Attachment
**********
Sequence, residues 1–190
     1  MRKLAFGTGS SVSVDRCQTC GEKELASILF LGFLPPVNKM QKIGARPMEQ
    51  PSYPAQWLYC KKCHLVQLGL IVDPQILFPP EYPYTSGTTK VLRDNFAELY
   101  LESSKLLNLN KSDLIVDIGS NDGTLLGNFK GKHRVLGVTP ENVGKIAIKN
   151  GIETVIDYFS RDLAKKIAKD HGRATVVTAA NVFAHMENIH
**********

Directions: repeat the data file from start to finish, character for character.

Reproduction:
Sequence, residues 1–190
     1  MRKLAFGTGS SVSVDRCQTC GEKELASILF LGFLPPVNKM QKIGARPMEQ
    51  PSYPAQWLYC KKCHLVQLGL IVDPQILFPP EYPYTSGTTK VLRDNFAELY
   101  LESSKLLNLN KSDLIVDIGS NDGTLLGNFK GKHRVLGVTP ENVGKIAIKN
   151  GIETVIDYFS RDLAKKIAKD HGRATVVTAA NVFAHMENIH